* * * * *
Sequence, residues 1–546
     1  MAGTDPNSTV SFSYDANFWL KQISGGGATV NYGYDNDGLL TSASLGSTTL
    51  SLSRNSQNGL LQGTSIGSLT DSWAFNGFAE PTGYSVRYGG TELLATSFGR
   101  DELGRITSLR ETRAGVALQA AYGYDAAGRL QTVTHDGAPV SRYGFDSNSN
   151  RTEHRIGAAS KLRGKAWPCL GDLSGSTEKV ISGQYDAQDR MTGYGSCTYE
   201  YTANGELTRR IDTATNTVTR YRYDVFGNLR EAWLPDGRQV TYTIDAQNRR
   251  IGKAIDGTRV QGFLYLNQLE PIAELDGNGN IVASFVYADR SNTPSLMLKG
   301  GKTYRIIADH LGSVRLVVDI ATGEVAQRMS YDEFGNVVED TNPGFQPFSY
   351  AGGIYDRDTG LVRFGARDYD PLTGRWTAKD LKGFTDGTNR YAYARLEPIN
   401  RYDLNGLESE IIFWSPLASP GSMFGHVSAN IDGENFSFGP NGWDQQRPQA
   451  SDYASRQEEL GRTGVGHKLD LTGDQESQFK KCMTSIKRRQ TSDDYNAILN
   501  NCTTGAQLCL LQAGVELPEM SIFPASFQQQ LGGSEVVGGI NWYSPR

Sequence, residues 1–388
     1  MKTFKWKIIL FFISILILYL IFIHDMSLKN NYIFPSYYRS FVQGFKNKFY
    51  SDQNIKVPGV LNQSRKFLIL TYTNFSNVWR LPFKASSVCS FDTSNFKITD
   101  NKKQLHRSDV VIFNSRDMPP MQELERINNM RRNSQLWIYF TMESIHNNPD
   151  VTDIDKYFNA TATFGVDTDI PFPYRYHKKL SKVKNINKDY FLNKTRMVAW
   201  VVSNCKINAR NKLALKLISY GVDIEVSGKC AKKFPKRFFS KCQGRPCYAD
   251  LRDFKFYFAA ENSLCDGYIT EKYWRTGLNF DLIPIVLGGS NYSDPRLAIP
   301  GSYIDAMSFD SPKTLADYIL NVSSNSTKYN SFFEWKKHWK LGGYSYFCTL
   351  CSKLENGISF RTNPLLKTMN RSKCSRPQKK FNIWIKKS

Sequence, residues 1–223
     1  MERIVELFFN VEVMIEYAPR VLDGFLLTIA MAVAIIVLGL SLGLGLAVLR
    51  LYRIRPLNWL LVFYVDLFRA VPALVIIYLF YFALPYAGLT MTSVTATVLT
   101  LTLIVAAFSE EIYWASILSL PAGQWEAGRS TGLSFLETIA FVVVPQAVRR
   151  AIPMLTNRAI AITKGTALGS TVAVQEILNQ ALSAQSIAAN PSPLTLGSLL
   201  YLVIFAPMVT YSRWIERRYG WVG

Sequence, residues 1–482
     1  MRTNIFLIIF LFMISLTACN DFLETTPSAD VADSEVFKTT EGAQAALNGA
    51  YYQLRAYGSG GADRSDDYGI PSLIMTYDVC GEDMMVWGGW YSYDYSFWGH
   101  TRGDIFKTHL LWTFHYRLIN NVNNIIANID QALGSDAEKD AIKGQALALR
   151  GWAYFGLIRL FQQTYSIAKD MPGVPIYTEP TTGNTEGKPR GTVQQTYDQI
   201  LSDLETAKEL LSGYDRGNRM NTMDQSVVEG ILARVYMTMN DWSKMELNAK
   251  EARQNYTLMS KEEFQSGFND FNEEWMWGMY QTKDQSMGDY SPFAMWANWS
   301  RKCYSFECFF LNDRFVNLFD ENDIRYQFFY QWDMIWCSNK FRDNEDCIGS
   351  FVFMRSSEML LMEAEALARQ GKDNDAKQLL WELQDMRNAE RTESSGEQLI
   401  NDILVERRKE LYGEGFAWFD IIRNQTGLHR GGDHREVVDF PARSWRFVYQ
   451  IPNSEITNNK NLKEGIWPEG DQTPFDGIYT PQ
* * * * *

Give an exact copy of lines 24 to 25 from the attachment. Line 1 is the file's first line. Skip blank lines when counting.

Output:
    51  LYRIRPLNWL LVFYVDLFRA VPALVIIYLF YFALPYAGLT MTSVTATVLT
   101  LTLIVAAFSE EIYWASILSL PAGQWEAGRS TGLSFLETIA FVVVPQAVRR